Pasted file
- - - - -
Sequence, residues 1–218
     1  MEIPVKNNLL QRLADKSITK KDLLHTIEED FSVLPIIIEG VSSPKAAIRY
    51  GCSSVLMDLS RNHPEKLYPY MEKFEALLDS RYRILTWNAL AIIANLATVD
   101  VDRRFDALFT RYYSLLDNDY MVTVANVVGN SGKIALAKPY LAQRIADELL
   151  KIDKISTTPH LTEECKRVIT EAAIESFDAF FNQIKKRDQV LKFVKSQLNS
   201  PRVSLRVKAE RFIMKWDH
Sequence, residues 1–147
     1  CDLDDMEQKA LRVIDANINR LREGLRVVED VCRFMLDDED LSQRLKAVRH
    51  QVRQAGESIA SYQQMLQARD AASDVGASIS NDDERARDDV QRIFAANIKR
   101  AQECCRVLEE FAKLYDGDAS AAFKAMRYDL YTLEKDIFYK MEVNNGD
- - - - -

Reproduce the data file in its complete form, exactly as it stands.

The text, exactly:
Sequence, residues 1–218
     1  MEIPVKNNLL QRLADKSITK KDLLHTIEED FSVLPIIIEG VSSPKAAIRY
    51  GCSSVLMDLS RNHPEKLYPY MEKFEALLDS RYRILTWNAL AIIANLATVD
   101  VDRRFDALFT RYYSLLDNDY MVTVANVVGN SGKIALAKPY LAQRIADELL
   151  KIDKISTTPH LTEECKRVIT EAAIESFDAF FNQIKKRDQV LKFVKSQLNS
   201  PRVSLRVKAE RFIMKWDH
Sequence, residues 1–147
     1  CDLDDMEQKA LRVIDANINR LREGLRVVED VCRFMLDDED LSQRLKAVRH
    51  QVRQAGESIA SYQQMLQARD AASDVGASIS NDDERARDDV QRIFAANIKR
   101  AQECCRVLEE FAKLYDGDAS AAFKAMRYDL YTLEKDIFYK MEVNNGD